Some of us still associated American patriotism with Henry David Thoreau and latter-day civic saints such as the assassinated Martin Luthet King Jr. But my first encounter with that ethos, on that wintry morning in 1968, had come just a month after the devastating American response to North Vietnam’s Tet offensive. Many people my age slid away from the war by resorting to bureaucratic expedients, trumping up physical problems; teaching in inner cities just long enough to obtain certification; undertaking religious training without faith; and finding other excuses for deferring military service. I call these “expedients” because many young men found their way to them not out of conviction but out of fear and narrow self-interest like that of Dick Cheney, who took five deferments because, he said, “I had other priorities in the 1960s.” Donald Trump, 6’2″ and in robust health in 1968, just as 300,000 men were being inducted to support new troop deployments in Southeast Asia, sought and received a deferment for “bone spurs.” He later said they “healed up quickly,” after which a high draft lottery number freed him from further worry about being drafted.
There has always been another, older way to avoid acknowledging responsibility for senseless killing: One can try to make a virtue of necessity by telling oneself that when soldiers kill and are killed in a war, no matter how irrational or immoral the war, high merit and noble destiny can be ascribed to their deeds retroactively, because they risked and/or sacrificed their lives. We think so when we refuse to acknowledge that blood has been shed meaninglessly. John Kerry punctured that sort of denial when he asked, “How do you ask a man to be the last man to die for a mistake?”………But there is something to be said for all protest that isn’t itself murderous. A republic’s freedoms are endangered most by those who duck their obligation to stand up and be counted, one way or another. Cheney and Trump ducked and, without knowing it, they went on to become part of Vietnam’s revenge, excrescences of that war. I will never fault anyone who served out of duty or conviction or who refused openly to serve for the same reasons. But Vietnam taught me that the blood shed in such war can’t retroactively sanctify it.
From John Pilger in CounterPunch :
One of the most hyped “events” of American television, The Vietnam War, has started on the PBS network. The directors are Ken Burns and Lynn Novick. Acclaimed for his documentaries on the Civil War, the Great Depression and the history of jazz, Burns says of his Vietnam films, “They will inspire our country to begin to talk and think about the Vietnam war in an entirely new way”.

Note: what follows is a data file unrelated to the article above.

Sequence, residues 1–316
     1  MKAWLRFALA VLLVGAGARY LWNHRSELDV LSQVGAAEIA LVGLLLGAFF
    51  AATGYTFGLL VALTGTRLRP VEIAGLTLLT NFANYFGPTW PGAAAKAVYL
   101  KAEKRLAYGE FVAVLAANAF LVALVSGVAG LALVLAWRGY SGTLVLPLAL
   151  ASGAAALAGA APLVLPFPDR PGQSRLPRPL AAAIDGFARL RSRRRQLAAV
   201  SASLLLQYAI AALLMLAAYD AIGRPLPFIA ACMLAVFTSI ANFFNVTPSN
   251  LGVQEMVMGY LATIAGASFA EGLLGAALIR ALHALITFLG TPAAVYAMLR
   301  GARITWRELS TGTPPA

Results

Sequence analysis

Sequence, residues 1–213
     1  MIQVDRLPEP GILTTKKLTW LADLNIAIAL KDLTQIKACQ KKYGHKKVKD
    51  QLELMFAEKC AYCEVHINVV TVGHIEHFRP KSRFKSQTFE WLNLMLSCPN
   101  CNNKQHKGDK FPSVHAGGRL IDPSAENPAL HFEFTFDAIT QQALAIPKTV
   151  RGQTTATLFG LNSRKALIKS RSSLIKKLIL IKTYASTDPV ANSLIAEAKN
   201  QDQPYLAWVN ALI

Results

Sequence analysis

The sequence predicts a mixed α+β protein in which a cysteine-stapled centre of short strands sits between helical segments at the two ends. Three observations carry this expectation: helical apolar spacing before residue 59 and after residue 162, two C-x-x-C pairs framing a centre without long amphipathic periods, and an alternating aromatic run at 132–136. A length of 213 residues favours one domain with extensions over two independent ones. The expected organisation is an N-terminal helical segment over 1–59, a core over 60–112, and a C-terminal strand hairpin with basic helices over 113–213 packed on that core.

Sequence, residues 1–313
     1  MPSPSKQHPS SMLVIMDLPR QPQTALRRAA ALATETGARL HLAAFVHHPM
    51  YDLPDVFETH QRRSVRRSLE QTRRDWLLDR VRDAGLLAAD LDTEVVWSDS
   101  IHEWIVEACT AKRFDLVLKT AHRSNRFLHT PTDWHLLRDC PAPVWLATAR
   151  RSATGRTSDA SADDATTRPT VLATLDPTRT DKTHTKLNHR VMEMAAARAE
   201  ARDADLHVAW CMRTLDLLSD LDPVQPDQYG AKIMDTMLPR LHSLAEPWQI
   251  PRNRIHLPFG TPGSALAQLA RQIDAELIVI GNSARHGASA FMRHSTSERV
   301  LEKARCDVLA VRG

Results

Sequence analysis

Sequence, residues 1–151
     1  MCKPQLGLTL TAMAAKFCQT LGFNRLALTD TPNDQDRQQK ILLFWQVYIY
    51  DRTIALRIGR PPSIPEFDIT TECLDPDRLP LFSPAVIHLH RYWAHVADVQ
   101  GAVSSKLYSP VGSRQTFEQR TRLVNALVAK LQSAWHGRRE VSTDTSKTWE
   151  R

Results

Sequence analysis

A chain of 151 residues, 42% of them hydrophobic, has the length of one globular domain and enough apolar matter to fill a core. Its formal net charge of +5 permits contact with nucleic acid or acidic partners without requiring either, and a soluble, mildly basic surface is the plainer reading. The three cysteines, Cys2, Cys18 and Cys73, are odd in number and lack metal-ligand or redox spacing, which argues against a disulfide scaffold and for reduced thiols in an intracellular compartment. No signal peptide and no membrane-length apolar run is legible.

In a society often bereft of historical memory and in thrall to the propaganda of its “exceptionalism”, Burns’ “entirely new” Vietnam war is presented as “epic, historic work”. Its lavish advertising campaign promotes its biggest backer, Bank of America, which in 1971 was burned down by students in Santa Barbara, California, as a symbol of the hated war in Vietnam.
Burns says he is grateful to “the entire Bank of America family” which “has long supported our country’s veterans”. Bank of America was a corporate prop to an invasion that killed perhaps as many as four million Vietnamese and ravaged and poisoned a once bountiful land. More than 58,000 American soldiers were killed, and around the same number are estimated to have taken their own lives.
I watched the first episode in New York. It leaves you in no doubt of its intentions right from the start. The narrator says the war “was begun in good faith by decent people out of fateful misunderstandings, American overconfidence and Cold War misunderstandings”.
The dishonesty of this statement is not surprising. The cynical fabrication of “false flags” that led to the invasion of Vietnam is a matter of record – the Gulf of Tonkin “incident” in 1964, which Burns promotes as true, was just one. The lies litter a multitude of official documents, notably the Pentagon Papers, which the great whistleblower Daniel Ellsberg released in 1971.